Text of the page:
In the years he worked with a half dozen Italian colleagues on the hydro project in Brazil and one, name of Silvano, later read Journey from Shanghai. Silvano wouldn’t speak to me afterward. The depictions in the novel offended him. He didn’t like reading of Italian men in the street grabbing my breast, or catcalling as the protagonist of the novel Rafaella walked past their sidewalk table. He didn’t like knowing what a man on the train tried to do to Rafaella. Being groped by a man isn’t a novelty anywhere in the world, but what Silvano disliked was the depicted reaction of the other passengers. Those Sicilian men and women were outraged that Rafaella had slapped the groper; after all, he was a soldier and could die in battle. It wasn’t relevant to them that he was a UN soldier during peacetime in 1952 but they had a wonderful time denouncing Rafaella for attacking the hero. Bored again with the long night, they went back to sleep, while Rafaella wondered where the hell she had landed in this world. A generous serving of other such incidents woven into Rafaella’s story further outraged Silvano.
Silvano was an educated man, an engineer and quite the gentleman. But he was not a woman, a young Eurasian woman in particular, set adrift in a sea of Latin men in Italy. Silvano preferred to keep his blinkers in place and be offended at having Italian manhood impugned. In 1952 they had not seen many Asian women and they set upon me with gusto. Italian men and women in those years frankly stared, commented in one’s face, touched body parts in public. It was a matter of education, clearly, for I did not encounter that behavior in the office where I worked in ARAMCO (Arabian American Oil Company).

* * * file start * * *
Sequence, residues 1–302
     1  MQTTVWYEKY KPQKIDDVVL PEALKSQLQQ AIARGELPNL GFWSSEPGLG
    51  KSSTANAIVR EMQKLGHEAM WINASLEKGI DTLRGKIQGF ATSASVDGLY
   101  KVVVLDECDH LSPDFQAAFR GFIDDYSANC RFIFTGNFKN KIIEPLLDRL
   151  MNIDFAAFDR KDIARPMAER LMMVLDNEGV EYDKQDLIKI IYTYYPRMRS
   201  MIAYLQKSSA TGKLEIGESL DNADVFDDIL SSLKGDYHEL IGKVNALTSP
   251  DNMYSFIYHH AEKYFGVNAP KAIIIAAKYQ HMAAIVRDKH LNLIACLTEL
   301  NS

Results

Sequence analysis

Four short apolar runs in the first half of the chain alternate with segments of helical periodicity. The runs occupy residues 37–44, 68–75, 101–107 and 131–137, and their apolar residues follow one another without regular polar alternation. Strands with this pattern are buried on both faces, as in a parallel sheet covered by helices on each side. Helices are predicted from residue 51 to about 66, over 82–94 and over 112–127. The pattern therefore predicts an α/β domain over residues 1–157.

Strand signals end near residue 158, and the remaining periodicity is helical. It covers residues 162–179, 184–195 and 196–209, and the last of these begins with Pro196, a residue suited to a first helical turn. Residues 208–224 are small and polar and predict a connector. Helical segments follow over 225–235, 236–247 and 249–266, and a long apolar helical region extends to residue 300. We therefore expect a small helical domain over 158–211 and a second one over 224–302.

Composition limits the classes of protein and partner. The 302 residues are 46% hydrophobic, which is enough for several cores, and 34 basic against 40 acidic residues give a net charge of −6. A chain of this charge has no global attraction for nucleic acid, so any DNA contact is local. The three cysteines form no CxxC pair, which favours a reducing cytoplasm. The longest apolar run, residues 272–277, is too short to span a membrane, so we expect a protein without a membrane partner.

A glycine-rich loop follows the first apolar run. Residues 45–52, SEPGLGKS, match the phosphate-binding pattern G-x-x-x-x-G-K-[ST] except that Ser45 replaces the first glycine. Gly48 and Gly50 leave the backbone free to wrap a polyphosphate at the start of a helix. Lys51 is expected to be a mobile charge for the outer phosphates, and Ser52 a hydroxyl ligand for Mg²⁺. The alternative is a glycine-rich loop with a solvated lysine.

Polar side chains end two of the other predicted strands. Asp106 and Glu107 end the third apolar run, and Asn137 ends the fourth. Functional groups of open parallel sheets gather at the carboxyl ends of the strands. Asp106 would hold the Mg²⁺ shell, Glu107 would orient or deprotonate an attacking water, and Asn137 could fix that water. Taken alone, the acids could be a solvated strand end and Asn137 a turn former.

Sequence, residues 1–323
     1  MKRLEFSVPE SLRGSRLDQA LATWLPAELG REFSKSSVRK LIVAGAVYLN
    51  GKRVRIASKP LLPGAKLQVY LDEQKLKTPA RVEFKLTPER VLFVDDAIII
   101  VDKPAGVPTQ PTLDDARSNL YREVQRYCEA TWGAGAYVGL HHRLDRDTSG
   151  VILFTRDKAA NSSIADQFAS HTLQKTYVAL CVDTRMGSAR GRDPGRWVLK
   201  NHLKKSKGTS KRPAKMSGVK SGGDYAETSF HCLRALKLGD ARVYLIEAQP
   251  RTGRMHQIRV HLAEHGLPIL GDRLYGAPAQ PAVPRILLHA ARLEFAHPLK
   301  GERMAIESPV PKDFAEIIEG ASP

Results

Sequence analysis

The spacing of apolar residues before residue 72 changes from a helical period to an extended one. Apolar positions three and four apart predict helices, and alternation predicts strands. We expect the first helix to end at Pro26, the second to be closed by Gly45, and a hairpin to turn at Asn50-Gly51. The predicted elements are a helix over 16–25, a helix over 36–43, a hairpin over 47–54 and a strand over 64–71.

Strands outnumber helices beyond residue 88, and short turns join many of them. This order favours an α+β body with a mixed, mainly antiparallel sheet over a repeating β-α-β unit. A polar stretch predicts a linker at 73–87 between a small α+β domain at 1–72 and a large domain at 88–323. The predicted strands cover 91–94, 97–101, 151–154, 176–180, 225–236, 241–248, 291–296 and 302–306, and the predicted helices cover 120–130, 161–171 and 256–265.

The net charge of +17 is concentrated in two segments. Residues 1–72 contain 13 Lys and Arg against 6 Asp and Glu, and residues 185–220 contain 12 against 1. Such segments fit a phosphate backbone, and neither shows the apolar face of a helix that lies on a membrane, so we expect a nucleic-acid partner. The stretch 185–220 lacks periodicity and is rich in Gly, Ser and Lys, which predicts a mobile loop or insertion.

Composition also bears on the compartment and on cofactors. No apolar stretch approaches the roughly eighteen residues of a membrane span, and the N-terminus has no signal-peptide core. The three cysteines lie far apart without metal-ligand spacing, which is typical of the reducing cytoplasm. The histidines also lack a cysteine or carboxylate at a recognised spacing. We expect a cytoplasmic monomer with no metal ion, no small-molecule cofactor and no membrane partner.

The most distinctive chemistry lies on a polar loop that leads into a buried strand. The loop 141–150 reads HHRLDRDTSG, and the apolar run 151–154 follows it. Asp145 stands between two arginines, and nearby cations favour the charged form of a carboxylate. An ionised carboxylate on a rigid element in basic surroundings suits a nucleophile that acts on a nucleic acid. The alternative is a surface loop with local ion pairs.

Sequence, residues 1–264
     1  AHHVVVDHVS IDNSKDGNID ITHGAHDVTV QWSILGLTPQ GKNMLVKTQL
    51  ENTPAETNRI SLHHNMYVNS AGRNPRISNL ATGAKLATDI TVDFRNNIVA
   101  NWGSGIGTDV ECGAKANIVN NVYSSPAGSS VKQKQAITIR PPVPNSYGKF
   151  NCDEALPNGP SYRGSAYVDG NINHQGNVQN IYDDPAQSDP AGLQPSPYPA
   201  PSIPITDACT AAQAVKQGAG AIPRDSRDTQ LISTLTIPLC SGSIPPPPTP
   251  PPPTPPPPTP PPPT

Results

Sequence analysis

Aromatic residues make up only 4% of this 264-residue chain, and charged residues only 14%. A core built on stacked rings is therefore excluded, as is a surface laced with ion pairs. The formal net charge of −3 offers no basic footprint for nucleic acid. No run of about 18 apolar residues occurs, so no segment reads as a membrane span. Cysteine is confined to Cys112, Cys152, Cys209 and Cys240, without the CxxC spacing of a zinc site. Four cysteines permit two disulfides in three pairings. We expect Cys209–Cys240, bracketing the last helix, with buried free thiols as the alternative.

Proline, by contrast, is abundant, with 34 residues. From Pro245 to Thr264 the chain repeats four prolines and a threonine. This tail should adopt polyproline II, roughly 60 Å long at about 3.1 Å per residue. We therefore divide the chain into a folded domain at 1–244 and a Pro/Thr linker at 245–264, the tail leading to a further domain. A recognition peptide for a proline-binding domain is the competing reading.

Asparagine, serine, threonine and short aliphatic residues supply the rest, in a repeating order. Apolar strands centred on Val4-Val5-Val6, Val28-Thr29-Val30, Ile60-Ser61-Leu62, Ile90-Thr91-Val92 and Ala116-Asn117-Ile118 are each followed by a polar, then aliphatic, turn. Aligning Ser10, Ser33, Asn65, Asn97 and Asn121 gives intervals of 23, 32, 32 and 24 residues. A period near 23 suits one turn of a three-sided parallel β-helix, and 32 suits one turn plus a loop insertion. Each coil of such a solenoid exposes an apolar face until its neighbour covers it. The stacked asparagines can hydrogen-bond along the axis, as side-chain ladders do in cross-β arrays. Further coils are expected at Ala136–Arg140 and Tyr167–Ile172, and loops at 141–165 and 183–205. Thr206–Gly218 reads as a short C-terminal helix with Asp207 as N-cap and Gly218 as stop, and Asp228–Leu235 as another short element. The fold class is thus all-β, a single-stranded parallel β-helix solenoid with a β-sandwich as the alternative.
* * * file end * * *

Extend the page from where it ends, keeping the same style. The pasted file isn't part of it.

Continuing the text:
Silvano has passed on now, as have so many other people I have known. Strange to think about all that behind me. Where IS everybody?
I returned to Rome with Renato in 1989 and was amused to find I was ignored everywhere I went. By then Italians had seen hordes of tourists from Asia and I was just another elderly one.
A Rare Passion, an e-book, is now up on smashwords.com, with a cover I absolutely admire. I can gaze at those horses forever.
“Rare” has Linden Bradley back in her beloved Brazil, where she spent her childhood. Her mission to save thousands of wildlife displaced by a hydro dam going on stream, owes its action to the real flooding of the Itaipu hydroelectric dam. Renato’s own mission in Brazil was to help build it, and I was there with him as he traveled between various field offices and worked long hours and many weekends.